President Arifete Jahjaga affirmed she will carry out her five-year term and appealed to the political party leaders to sort out their differences over the April 2011 agreement.
By Muhamet Brajshori for Southeast European Times in Pristina -- 05/09/12
Isa Mustafa, chairman of the Democratic League of Kosovo, has pulled his party out of the parliamentary committees on constitutional and electoral reform. [Reuters]
Deputy Prime Minister Hajredin Kuci is urging the opposition Democratic League of Kosovo to return to the parliamentary election and constitution reform committees from which it withdrew earlier, in an effort to calm a potentially divisive political situation.
"Democracy means participation and not blocking. Citizens need electoral reform for two reasons: to express their will and to respect the election outcome," Kuci said.
The League left the committees just weeks before the end of supervised independence was announced this month over a disagreement regarding President Arifete Jahjaga's mandate.
"LDK will not be part of the commission unless the agreement on the president achieved in the resolution that we have supported [in April 2011] is respected," Haki Demolli, chairman of the parliamentary election reform committee and a League MP, said.
Jahjaga was elected in April 2011 as part of an agreement between the ruling coalition led by Prime Minister Hashim Thaci's Democratic Party of Kosovo and the League to undertake constitutional and electoral reform.
The agreement stipulates that presidential elections to replace Jahjaga will be called six months after approving the constitutional reform.
Kosovo's constitutional court, however, ruled in July that Jahjaga's mandate is for five years.
"Resignation is not intended in the political agreement at the proposed constitutional amendments. ... I am committed to respecting the constitution and the laws," Jahjaga said. "[Resignation] would lead to a new crisis; constitutional reform and electoral reform is a process that has begun and will continue until the election of a new president."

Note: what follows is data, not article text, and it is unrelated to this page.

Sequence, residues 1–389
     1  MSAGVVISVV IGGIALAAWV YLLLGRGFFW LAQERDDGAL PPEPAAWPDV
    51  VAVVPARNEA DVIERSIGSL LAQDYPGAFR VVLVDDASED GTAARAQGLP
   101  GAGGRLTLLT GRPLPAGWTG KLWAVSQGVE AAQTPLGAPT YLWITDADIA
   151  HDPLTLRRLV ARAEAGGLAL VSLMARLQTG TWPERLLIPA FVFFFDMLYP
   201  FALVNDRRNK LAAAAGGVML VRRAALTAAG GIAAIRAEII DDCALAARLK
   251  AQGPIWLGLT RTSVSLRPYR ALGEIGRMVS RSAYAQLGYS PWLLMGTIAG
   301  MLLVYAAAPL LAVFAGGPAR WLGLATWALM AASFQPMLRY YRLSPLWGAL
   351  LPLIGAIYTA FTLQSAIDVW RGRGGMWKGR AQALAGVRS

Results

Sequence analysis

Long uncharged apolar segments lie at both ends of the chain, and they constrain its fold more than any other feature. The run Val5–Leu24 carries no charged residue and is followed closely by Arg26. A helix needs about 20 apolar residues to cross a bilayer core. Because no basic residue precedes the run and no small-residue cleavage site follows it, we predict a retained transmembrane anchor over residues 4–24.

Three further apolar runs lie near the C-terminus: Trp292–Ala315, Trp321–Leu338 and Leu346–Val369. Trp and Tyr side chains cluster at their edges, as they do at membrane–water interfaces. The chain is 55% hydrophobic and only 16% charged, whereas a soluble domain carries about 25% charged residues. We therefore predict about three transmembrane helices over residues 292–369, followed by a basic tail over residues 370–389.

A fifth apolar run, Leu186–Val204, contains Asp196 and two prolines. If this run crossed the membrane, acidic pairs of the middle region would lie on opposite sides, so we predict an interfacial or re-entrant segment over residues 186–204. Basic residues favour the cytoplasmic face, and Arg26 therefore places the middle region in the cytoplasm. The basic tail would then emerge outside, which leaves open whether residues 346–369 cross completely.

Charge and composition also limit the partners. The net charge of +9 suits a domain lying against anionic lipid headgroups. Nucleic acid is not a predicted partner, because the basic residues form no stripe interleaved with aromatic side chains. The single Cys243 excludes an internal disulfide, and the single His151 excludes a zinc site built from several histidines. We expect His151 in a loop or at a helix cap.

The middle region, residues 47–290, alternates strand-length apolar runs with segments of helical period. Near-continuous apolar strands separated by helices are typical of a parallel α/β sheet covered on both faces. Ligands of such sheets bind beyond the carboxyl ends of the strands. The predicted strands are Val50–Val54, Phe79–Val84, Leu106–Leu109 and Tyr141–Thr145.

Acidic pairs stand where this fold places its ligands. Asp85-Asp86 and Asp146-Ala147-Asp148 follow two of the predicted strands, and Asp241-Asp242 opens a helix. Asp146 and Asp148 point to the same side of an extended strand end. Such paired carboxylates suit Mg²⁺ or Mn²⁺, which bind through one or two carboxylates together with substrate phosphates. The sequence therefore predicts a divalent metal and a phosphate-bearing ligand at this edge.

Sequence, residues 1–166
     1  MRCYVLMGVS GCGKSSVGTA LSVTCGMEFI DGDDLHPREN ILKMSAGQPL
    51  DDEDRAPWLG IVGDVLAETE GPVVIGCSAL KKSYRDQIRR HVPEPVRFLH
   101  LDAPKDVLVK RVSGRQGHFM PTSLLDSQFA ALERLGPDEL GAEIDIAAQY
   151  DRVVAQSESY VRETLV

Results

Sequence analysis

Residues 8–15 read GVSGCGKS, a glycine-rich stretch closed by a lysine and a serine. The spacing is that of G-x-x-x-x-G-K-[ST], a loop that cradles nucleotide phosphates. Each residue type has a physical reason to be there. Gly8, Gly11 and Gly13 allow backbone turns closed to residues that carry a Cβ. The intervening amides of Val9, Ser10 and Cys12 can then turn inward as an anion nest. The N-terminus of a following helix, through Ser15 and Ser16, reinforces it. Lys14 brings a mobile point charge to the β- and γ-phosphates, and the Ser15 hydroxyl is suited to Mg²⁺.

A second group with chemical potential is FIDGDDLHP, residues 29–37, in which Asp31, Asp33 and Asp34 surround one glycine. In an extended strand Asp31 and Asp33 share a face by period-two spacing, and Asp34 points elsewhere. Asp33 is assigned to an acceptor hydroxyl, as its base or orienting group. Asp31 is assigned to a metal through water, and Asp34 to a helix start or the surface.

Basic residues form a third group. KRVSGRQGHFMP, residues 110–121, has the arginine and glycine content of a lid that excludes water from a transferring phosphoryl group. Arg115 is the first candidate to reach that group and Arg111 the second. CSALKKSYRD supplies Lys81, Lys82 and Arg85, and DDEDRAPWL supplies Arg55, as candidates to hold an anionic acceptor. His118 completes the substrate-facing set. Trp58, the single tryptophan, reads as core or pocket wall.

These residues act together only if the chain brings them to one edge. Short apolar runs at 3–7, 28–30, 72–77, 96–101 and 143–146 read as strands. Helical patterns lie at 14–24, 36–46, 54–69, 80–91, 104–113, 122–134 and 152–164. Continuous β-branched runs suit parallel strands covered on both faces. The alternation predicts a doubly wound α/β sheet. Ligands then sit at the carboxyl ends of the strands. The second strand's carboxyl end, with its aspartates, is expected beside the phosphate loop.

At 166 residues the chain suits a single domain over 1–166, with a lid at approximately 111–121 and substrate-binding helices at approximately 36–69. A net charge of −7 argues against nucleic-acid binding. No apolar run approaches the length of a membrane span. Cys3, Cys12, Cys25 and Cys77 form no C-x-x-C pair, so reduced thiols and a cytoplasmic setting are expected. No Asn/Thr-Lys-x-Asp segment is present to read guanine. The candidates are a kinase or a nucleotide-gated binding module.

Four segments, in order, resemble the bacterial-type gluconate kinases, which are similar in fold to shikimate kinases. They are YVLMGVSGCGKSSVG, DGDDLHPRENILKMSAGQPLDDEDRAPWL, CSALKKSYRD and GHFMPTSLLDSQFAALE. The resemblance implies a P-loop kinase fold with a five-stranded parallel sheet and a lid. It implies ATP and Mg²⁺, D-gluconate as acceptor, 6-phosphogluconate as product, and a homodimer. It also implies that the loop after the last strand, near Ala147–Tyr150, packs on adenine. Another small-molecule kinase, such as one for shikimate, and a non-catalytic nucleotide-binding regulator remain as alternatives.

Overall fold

The League's move manifests the anger about not implementing a standing agreement which helped Jahjaga be elected and stabilise Kosovo's political scene, according to Ardian Arifaj, senior researcher at the Institute for Policy Research and Development in Pristina.
"The party's departure from an ad-hoc parliamentary committee is certainly not a political crisis but may be an overture to one," Arifaj told SETimes.
Arifaj said the agreement also contains important points regarding reforming the electoral system and praised the work of the committee as it developed recommendations to be made into law.
"The unwillingness of the political parties to accept fundamental changes in the electoral system, however ... has been an obstacle," Arifaj said.
While some citizens said the opposition has a legitimate grievance, many argued the League's action may do more damage than good.
Behare Visoka, a Pristina-based economist, told SETimes, "It is unclear whether LDK's move will serve to reach its goal. I do not know if this was a smart move because supervised independence ends in September, and it will be up to the voters to decide."
Kushtrim Hysa, 32, a doctor from Pristina, told SETimes, "The move was expected. They could not do anything else as they have been ignored by Jahjaga and the PDK for months."
In that sense, the party did the right thing, he added.
Arifaj says that even if the ruling party decides to implement the full agreement, it is up to Jahjaga to decide.
"Therefore, even if the agreement is respected in full, it does not mean Jahjaga will resign, because she has not signed the agreement," Arifaj said.